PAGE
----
GRAZING THAT WORKS
WLA LEADS THE WAY
SUBMITTED TO THE BUREAU
Collaborative Letter on Revisions to BLM Grazing Regulations
Lands managed under the jurisdiction of Bureau of Land Management (BLM) are an integral part of conservation and livestock operations on western landscapes and the BLM is a key partner in their health and productivity. The undersigned groups agree that successful stewardship, conservation and management is achievable when the BLM, grazing permittees and lessees and invested stakeholders work together as partners, focused on shared and synergistic goals: ecosystem health, fish and wildlife habitat and sustainable livelihoods that support resilient rural communities and food and fiber systems. Grazing regulations that work well provide flexibility and resources to meet those goals across large landscapes of matrixed ownership including private, state and federal lands, while valuing economic stability of permittees and rural communities.
BLM is currently revising its grazing regulations. This is a rare opportunity for a win-win.
This is an opportunity for BLM to adopt limited, durable, and strategic revisions to the regulations that better allow all partners to optimize ecological and economic benefits for the American public.
The coalition agrees on the importance of reflecting concretely these shared values in any revisions to the grazing regulations:
1. PROMOTING FLEXIBILITY IN RESOURCE AND LIVESTOCK MANAGEMENT
To truly manage for ecological and economic health, the BLM should further promote flexibility in livestock management. The rigidity of existing plans and prescriptive nature of federal programs often prevent managers and producers from responding quickly to the inter-annual variation common in western landscapes. By developing plans tiered to outcomes rather than tied to rulesets, producers can adapt management while meeting rangeland health objectives.
2. OPTIMIZING FORAGE UTILIZATION
Current regulations trap graziers in use-it-or-lose-it management patterns that harm the resource and prevent adaptive management. Resting an allotment, in whole or in part, should be encouraged if doing so benefits the resource and/or the permittee. By acting in the best interest of the resource, permittees should not risk losing their preference or access. At the same time, protections are needed to ensure temporary non-use does not erode the role of these pastures as working grazing lands and the long-term ecological value of grazing on these lands by becoming permanent.
3. ENSURING USE OF THE FUNDAMENTALS OF RANGELAND HEALTH
The Fundamentals of Rangeland Health (Fundamentals) are foundational range management principles for the Bureau that should guide all management decisions and apply to all permitted users of BLM lands.
We ask the BLM to reinforce their importance by including language in the regulations of other permitted uses, including grazing, to the requirements of these Fundamentals. Doing so will 1) reinforce their application at watershed or other appropriate landscape scales; 2) help better distinguish the impacts (beneficial, neutral and detrimental) of one use from another, and; 3) create room for broader application of flexible and adaptive management to adjust use as conditions and circumstances require.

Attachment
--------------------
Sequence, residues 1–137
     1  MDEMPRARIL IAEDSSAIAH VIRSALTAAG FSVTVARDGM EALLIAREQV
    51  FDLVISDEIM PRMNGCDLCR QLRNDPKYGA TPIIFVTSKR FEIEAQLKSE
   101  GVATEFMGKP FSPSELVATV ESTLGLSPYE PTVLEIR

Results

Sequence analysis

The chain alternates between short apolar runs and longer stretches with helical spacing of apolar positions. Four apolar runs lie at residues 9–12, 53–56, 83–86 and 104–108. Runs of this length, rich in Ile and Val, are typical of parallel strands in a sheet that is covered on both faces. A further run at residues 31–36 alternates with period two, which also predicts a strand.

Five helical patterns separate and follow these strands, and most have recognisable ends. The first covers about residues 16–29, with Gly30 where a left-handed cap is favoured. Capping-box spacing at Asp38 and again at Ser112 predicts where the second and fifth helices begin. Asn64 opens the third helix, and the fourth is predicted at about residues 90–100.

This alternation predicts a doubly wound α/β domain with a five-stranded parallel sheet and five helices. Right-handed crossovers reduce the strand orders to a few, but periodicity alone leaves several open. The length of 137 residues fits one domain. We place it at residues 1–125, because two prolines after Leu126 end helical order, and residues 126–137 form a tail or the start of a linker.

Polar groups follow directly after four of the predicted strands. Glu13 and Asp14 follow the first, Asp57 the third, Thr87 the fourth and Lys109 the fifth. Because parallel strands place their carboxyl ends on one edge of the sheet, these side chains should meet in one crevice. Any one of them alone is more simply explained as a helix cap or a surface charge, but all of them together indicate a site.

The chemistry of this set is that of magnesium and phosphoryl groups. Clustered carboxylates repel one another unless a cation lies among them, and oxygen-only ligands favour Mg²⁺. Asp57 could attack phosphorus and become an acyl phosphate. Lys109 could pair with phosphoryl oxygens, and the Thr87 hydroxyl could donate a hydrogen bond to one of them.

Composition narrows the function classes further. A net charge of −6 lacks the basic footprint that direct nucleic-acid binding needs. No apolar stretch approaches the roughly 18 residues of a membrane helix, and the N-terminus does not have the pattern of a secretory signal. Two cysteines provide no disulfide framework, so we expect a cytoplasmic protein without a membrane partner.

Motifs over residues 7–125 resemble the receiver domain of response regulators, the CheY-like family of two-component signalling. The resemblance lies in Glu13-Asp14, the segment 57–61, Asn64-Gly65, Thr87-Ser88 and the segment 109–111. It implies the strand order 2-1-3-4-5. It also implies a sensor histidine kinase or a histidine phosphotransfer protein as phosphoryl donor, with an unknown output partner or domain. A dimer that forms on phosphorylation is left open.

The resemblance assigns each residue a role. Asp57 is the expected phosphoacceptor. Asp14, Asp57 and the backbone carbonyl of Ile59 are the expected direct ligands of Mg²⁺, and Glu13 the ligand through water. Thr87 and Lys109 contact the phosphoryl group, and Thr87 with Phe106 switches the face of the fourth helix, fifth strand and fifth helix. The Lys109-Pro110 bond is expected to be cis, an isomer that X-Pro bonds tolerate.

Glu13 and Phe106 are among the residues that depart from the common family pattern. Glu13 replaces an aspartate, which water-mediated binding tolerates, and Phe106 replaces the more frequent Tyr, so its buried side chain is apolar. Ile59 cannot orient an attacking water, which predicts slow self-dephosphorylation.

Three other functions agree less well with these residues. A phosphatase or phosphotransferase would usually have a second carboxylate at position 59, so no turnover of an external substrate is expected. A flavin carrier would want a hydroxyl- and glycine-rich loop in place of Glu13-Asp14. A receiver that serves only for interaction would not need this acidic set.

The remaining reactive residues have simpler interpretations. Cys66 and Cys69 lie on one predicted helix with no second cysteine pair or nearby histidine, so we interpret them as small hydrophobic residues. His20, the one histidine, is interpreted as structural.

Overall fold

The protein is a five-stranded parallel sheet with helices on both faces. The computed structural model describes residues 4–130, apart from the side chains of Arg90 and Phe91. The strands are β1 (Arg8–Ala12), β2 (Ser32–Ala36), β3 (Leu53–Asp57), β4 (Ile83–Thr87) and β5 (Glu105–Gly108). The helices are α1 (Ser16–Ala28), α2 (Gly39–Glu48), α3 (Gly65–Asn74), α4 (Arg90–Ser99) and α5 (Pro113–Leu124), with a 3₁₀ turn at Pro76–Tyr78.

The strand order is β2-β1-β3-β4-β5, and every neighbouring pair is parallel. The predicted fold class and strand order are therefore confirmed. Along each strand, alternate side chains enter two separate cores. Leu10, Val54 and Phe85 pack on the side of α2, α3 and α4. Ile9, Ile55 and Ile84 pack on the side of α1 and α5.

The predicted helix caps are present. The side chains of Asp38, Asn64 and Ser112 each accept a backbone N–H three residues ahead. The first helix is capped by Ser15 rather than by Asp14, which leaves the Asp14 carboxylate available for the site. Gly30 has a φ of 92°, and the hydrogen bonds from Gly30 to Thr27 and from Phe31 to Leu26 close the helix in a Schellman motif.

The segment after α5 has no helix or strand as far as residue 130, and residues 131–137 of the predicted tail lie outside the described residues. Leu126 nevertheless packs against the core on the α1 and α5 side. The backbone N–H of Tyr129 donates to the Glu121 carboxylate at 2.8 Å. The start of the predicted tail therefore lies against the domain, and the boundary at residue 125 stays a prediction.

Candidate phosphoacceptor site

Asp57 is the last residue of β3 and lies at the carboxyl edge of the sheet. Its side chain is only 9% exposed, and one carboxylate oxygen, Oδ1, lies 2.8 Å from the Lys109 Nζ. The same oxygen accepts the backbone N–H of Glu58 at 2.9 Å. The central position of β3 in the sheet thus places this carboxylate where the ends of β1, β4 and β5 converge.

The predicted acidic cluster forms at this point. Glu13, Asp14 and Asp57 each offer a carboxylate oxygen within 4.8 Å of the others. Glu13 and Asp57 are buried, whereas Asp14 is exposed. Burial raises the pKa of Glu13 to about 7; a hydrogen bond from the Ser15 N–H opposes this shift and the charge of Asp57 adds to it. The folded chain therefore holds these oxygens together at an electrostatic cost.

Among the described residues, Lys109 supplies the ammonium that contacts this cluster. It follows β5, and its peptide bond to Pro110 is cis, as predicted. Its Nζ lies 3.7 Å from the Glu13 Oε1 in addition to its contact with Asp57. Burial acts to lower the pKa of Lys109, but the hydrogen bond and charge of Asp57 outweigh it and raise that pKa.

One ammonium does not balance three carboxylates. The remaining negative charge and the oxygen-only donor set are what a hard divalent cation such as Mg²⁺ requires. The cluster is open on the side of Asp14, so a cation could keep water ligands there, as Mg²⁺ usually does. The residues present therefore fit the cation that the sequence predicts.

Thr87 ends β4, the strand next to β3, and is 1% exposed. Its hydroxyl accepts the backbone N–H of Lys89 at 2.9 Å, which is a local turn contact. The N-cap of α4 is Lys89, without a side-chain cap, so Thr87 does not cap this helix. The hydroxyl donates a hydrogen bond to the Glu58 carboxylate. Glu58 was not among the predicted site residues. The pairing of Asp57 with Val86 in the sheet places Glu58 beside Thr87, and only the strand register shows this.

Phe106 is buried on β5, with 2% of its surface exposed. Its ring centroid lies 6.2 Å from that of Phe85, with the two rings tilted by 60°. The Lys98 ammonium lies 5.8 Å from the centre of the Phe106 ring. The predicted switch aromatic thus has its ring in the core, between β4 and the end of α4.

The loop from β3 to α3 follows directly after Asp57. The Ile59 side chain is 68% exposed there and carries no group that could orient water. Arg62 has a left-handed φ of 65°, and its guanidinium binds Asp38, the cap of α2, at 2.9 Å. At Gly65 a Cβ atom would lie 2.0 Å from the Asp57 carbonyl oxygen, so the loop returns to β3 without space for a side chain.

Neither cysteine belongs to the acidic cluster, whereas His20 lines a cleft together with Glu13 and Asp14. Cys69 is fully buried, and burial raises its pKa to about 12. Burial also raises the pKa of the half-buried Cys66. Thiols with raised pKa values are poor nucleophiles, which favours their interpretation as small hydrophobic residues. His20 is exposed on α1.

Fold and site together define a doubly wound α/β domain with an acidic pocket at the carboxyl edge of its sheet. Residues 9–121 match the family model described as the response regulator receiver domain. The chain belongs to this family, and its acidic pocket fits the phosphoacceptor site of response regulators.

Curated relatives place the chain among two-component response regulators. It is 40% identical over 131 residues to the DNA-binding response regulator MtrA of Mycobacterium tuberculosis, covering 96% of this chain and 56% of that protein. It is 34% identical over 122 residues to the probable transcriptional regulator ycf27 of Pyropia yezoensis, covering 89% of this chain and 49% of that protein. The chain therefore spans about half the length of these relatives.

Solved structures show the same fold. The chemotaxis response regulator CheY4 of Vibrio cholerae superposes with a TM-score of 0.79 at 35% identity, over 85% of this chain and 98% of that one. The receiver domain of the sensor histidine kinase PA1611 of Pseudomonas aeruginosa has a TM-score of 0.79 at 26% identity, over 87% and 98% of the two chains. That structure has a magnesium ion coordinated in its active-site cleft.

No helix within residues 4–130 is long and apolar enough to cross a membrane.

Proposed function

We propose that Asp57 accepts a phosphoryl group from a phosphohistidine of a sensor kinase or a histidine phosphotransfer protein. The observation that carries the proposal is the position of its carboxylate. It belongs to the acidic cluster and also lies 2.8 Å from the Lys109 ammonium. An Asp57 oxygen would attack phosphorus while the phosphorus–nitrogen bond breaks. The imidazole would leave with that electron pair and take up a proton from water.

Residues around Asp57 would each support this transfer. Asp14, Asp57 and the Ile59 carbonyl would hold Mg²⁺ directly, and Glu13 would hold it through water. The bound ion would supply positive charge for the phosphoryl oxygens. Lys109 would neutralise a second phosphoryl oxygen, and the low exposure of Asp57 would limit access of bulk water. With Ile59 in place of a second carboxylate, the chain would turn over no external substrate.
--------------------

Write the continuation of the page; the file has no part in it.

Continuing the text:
Finally, we encourage the federal government to match the mission with the resources required to achieve it. We believe improving the current regulations can create better outcomes for people, the environment and all uses of our public lands. It is essential that the BLM utilize its funding to hire, train and retain a talented workforce capable of fulfilling obligations to manage for rangeland health and provide for flexibility within livestock grazing permits and leases.
Building a broad coalition to improve stewardship on public lands through sustainable and adaptive grazing management.
The following organizations (alphabetical order) signed our collaborative letter to the BLM. But there is still time to join our advocacy effort! Contact us below.
Arizona Association of Conservation Districts
California Rangeland Conservation Coalition
Malpai Borderlands Group
National Association of Conservation Districts
North American Grouse Partnership
National Audubon Society
Public Lands Foundation
Rocky Mountain Farmers Union
Society for Range Management
The Nature Conservancy
Theodore Roosevelt Conservation Partnership
United States Cattlemen’s Association
Utah Association of Conservation Districts
Western Landowners Alliance
World Wildlife Fund
Join the Coalition
If your organization shares our goals to improve the flexibility and effectiveness of BLM grazing regulations, please contact WLA policy associate Jessica Crowder to discuss how you can engage.
Making recommendations through compelling stories and voices.
By sharing the latest science, best practices, and leading voices on range management directly with the Bureau, we are helping them form regulations that optimize ecological and economic benefits for the American public.
Are you a BLM permittee with a story to tell?
How were you able to improve stewardship, land health, conservation, their bottom line within existing regulations? How have the current regulations been barriers to improved stewardship or adaptive management? We would love to share your story with the Bureau as we help them update these regulations. Send us a few sentences and we'll be in touch before we do anything with it.